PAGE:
October 29, 2009
Vertical Horizon on tour
Matt Scannell talks about Burning the Days and befriending Neal Peart
By Michael Witthaus firstname.lastname@example.org
Five years have passed since the last Vertical Horizon studio album. Though the band, best known for its hits “Everything You Want” and “You’re a God,” has technically been on hiatus, lyricist and singer Matt Scannell says he wasn’t taking time off.
“Hiatus implies vacation. I’ve been working so hard,” Scannell said recently from his Los Angeles home. “It’s almost like I’ve gone to grad school for songwriting.”
In addition to writing material for Vertical Horizon’s new album, Burning the Days, Scannell collaborated with Richard Marx, touring and releasing last year’s all-acoustic Duo. The pair also taped a live performance with a string quartet for a future release.
The shows with Marx (including one at Tupelo Music Hall last year) “started off as a way for the two of us to hang out,” Scannell said. “He lives in Chicago, I live in L.A. — never the two shall meet.”
Scannell also worked with Neil Peart, a personal hero since high school. “I can’t recount for you how many times I would listen to Rush records with my best friend late at night and try to analyze what they were doing,” he said. His first meeting with the Rush drummer, arranged through friends, was a memorable and unexpected experience.
“I was trying to search for the words to say, how much his music has meant to me over the years, and I was kind of wanting to play it right — don’t want to come off as a crazy fan but I was a real fan,” recalls Scannell. “As I was trying to think of the words to say, he reached out his hand and said, ‘I’m a huge fan of your work.’ My jaw hit the floor.”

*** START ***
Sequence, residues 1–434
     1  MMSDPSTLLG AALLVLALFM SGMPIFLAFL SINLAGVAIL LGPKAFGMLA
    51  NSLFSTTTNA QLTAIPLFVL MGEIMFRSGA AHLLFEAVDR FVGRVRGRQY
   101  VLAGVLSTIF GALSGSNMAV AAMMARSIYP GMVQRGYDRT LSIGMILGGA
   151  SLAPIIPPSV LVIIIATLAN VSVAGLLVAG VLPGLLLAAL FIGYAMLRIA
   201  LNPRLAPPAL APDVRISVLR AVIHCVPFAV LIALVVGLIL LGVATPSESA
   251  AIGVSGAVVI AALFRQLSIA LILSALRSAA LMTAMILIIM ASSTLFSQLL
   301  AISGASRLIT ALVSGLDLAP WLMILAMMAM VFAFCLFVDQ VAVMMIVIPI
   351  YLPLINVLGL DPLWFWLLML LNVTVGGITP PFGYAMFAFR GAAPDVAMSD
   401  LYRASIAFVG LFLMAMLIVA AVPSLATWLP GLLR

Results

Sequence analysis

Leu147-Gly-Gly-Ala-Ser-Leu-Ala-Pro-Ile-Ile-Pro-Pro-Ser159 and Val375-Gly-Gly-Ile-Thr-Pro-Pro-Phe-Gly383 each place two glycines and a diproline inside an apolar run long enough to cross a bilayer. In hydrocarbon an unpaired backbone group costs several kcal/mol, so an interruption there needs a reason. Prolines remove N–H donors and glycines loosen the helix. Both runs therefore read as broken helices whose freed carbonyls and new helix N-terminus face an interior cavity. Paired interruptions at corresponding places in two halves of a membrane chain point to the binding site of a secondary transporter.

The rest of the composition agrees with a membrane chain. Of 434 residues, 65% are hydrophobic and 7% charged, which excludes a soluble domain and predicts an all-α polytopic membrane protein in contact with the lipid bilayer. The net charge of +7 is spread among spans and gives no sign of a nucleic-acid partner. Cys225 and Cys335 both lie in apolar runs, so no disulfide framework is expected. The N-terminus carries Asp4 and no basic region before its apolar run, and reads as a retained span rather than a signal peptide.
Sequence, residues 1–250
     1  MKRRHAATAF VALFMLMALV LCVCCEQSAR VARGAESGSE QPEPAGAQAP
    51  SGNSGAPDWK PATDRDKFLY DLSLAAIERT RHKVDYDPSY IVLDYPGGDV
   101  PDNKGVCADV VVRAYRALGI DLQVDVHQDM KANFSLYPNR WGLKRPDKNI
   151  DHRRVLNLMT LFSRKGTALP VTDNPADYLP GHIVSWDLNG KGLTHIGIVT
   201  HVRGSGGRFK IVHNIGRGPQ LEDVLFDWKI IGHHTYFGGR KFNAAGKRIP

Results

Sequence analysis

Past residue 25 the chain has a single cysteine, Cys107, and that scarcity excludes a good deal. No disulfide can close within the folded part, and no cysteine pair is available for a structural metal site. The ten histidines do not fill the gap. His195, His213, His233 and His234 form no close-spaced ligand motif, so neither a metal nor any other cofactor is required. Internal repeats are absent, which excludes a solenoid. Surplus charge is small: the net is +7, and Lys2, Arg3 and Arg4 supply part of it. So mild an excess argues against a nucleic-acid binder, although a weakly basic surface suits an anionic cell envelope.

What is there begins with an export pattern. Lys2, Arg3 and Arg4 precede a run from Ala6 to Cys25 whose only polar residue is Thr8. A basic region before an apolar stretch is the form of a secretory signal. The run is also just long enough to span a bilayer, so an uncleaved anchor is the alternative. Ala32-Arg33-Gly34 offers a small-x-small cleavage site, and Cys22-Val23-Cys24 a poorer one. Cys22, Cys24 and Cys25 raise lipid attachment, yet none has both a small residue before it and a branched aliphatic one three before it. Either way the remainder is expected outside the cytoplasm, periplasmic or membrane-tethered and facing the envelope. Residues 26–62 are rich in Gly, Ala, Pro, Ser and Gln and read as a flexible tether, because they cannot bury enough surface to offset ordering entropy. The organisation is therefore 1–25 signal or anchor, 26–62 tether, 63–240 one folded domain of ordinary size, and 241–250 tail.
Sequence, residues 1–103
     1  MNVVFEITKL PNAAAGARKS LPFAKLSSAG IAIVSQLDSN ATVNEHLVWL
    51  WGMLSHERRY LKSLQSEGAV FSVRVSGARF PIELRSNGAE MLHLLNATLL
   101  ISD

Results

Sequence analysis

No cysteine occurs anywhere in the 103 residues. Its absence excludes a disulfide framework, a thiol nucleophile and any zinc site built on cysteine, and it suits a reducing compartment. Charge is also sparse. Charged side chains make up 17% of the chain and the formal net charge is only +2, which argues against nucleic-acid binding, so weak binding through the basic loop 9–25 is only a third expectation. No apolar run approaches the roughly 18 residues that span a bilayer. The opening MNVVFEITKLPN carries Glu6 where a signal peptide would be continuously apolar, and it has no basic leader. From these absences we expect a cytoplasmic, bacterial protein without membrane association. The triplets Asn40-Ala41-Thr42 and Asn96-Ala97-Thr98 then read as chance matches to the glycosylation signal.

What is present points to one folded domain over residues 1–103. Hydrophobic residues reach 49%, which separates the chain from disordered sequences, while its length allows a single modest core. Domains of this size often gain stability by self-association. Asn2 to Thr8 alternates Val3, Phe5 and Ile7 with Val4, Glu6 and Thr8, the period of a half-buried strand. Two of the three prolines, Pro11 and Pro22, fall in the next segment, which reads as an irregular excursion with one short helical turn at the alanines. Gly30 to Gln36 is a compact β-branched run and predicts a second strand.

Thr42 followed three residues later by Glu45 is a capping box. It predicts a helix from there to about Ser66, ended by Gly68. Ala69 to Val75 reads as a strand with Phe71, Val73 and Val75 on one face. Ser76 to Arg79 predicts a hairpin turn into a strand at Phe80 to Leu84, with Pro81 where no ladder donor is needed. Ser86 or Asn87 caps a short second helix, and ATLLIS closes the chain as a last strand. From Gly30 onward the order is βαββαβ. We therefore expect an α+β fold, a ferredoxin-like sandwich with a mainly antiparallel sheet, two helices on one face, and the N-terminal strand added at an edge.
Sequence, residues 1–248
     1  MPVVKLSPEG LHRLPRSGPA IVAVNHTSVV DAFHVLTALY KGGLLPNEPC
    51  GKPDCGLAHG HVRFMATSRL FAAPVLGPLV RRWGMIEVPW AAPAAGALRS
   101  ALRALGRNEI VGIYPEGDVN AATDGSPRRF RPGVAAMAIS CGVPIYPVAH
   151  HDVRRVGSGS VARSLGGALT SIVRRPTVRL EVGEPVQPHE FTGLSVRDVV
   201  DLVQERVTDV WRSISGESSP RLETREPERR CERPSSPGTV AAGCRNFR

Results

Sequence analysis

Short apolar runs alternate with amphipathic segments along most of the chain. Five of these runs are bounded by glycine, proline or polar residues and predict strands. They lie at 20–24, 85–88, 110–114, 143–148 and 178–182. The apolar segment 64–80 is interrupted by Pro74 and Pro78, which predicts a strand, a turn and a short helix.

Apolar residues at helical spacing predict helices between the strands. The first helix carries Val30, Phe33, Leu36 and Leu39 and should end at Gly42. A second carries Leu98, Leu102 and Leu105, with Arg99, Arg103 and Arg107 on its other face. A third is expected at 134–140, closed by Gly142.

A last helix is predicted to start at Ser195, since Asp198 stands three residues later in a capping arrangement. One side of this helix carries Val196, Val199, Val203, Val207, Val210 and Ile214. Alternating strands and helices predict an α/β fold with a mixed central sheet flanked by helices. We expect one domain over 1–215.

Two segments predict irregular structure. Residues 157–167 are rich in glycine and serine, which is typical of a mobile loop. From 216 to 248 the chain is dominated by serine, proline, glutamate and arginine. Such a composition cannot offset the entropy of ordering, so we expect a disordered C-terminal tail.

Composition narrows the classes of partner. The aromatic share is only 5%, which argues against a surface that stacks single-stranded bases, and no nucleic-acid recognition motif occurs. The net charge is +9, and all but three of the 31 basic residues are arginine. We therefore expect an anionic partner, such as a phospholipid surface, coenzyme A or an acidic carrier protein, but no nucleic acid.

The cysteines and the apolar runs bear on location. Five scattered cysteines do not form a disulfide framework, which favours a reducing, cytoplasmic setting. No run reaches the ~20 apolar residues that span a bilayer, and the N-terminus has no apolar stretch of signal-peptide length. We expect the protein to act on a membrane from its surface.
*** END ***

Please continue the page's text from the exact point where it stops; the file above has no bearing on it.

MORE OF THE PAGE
He now calls Peart his “closest friend in the world,” a bond that was put to the test when one night at dinner Peart asked Scannell to look at a poem he was working on.
“I was honored that he was sharing this with me before it was finished, but I also realized there was a bit of responsibility there,” Scannell said. He could choose to be honest or fawning — a friend or a fan. “I knew I was going to tell him what I thought. That was a defining moment in our friendship.” Scannell said he liked the poem but told Peart, “one line stuck out for me as something that he might be able to beat.”
“He said, ‘you know what? I think you’re right.’ A week later he showed me another version, and he nailed it, crushed it,” Scannell said. “For me that was the beginning of a working friendship. I know that’s true because later that night we wrote a song together.”
“Even Now,” co-written by Peart and Scannell, is the final track on Burning the Days, a richly textured work that rivals anything form Vertical Horizon’s late ’90s heyday. Clever wordplay propels the standout tracks “Carrying On” and “The Middle Ground,” while “Save Me from Myself” has a gloomy edge found in many of Scannell’s songs. It’s about averting disaster, yet it ends with the line, “happy endings all around/and still they haunt me.”
“It’s not that I’m a very dark person. It has more to do with my relationship to creating music,” Scannell said. “I don’t want to be a glass half empty guy, and I’m not, but there’s a very strong — there’s a darkness inside of me and I guess I always try to get it out through music.”
With the new record complete, Vertical Horizon is hitting the road, including a stop Thursday, Oct. 29, at Tupelo Music Hall in Londonderry.
“Touring is … very single-minded,” Scannell said. “All you really need to worry about is taking care of yourself, getting sleep and doing a good show. I have been … juggling a whole bunch of different things, so it’s going to be interesting. For the next month, I’m only going to have one ball in the air.”
Vertical Horizon. Photo by Marjorie Salvate.
Where: Tupelo Music Hall, 2 Young Road, Londonderry
When: Thursday, Oct. 29, at 8 p.m.
Tickets: $45 & $50